I didn't finish the socks on that trip. In fact, I couldn't bring myself to knit on them for months. Each time I would bring them out, memories would surround me. I felt that if I finished the socks, the trip would truly be over. But a couple weeks ago, I found the socks again and found to my surprise, that I could work on them again. I cast off last Friday at Silver Creek Cabin. I wasn't sad to have finished them, because I had made plans. See, I had already decided that I wasn't going to knit socks anymore. These didn't count; they were just finishing work. These socks were going to be framed. I am going to find a shadow box and print some pictures including Lydia knitting on the socks to put in it. It shall be a remembrance of my time there, the wonderful women I met, and an honorable way to end my sock knitting. This is truly the end of socks (at least for now).

The Knitting Class


Thank you to everyone who responded this last week on your courageous knitting! I hope that you are each inspired to try something new. And now, the winner of the egg! I have ran the RNG and it picked #1. So, Congratulations to Andrea! Please send me your address and I will mail it out to you.

The giveaway this week is a skein of sock yarn. This is Colurophobia Superwash Merino Sock yarn in the colorway, Crazy On You. Just because I'm giving up knitting socks, doesn't mean you have to!

In order to enter for this prize, please reply to this post and tell me where was one place that you knit/crochet/spin that was memorable, or where would you like to? Post your reply by Saturday March 6th midnight, CST. I will use a RNG to pick a reply at random. You are welcome to reply more than once, but only your first reply will be entered. Good luck, and have a fun fiber week!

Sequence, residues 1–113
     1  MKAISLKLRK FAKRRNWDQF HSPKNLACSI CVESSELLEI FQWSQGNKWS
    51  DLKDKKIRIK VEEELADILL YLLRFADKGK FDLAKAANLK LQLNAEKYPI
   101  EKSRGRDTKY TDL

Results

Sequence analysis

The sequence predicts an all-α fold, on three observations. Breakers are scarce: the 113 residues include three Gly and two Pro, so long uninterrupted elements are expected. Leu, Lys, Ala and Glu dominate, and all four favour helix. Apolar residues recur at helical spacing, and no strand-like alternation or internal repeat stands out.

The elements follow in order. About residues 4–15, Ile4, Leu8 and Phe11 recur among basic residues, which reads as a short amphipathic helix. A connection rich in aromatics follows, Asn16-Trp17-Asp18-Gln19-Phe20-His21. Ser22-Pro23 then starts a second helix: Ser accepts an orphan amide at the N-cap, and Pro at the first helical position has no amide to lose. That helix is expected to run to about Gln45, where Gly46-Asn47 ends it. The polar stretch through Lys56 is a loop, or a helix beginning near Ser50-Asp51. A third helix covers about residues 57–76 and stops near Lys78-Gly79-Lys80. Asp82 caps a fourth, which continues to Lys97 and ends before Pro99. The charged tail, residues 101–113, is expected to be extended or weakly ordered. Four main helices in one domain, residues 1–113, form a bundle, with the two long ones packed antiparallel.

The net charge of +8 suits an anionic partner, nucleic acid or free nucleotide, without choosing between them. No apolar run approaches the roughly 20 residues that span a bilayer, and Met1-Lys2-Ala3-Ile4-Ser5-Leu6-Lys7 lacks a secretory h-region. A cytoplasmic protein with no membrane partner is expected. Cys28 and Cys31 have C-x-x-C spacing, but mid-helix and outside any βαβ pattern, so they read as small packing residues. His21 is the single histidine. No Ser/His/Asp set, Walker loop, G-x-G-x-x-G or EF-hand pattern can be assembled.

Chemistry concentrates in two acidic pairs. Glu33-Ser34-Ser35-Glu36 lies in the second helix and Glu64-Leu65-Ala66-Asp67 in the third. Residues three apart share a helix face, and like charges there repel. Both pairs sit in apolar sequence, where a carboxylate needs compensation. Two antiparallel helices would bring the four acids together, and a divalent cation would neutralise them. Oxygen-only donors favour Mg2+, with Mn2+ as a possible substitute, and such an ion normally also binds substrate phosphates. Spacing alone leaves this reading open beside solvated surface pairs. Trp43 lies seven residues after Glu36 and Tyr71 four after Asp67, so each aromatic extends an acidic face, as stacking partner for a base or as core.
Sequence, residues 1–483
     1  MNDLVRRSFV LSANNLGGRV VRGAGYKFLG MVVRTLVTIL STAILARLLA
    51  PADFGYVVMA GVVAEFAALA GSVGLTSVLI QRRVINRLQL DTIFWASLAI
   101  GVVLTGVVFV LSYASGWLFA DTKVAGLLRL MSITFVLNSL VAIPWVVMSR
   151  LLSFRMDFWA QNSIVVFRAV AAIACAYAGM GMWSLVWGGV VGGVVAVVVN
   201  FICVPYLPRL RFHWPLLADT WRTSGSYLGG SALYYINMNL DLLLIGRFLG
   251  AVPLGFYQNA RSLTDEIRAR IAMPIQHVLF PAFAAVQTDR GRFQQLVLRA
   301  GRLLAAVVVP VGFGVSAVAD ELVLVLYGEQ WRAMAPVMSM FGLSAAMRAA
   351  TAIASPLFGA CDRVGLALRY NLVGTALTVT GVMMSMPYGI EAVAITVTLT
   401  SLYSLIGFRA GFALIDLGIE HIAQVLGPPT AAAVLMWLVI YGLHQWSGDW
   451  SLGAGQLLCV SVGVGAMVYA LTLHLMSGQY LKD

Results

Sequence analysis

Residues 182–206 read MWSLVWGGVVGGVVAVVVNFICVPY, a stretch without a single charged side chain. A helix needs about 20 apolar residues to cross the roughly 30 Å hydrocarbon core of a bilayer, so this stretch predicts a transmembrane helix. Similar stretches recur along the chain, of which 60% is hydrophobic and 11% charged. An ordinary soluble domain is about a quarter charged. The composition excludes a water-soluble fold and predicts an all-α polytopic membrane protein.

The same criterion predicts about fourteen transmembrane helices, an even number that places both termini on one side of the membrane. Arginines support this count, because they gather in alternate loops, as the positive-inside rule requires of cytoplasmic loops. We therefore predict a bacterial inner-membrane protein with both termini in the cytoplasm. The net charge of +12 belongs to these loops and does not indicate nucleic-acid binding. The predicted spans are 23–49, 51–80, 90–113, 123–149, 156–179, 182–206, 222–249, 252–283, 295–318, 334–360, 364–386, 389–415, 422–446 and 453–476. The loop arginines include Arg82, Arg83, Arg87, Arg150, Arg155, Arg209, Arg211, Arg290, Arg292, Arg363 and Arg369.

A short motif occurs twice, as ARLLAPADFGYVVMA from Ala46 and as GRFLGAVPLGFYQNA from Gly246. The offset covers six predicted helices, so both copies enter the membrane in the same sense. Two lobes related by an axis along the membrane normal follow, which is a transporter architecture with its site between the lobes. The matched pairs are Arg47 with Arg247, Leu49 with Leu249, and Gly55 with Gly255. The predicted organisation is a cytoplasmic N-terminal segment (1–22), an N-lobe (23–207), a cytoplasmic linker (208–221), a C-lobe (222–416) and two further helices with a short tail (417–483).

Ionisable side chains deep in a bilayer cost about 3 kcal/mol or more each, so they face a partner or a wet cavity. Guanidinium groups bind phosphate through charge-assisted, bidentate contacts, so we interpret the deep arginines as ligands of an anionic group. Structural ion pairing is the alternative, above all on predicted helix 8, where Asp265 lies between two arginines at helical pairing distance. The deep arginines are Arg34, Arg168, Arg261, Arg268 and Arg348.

Tuesday, February 23, 2010

March Goals

From now until March 1st (I need a little more time for my goal this month) I will do the normal cleaning:
- kitchen
- living room
- entry way & stairs
- bathrooms
- dusting/vacuuming, etc.
- upstairs bedroom

Updated list:
January - upstairs bathroom, hallway, entryway
February - upstairs bedroom
March - craft room
April - laundry room
May - garage
June - downstairs bedroom
July - downstairs closet under the stairs
August - downstairs living room
September - downstairs bathroom & area outside by furnace/hot water heater
October - office
November - kitchen
December - upstairs living room and hall closet


I finished the bedroom, at last! It wasn't a hard room to do, just took a little excavation. This room used to be the guest room/library/storage. Then, we moved into it to make it easy for my husband after he had surgery. What with the cold weather coming, we didn't want to move back downstairs and we were still sleeping in the library/storage. It has been cleaned out now! Even the dust bunnies under the bed have been rooted out.

The house has lost:
Recycling: 6#
Garbage 3#
Giveaway 22#
= 31 pounds lost.

Sunday, February 21, 2010

Courageous Crafting

Festive spinning project

Conversation heard at my house last night:

Me: (click, scroll, click) Ooh. (click, scroll, double click) Wow.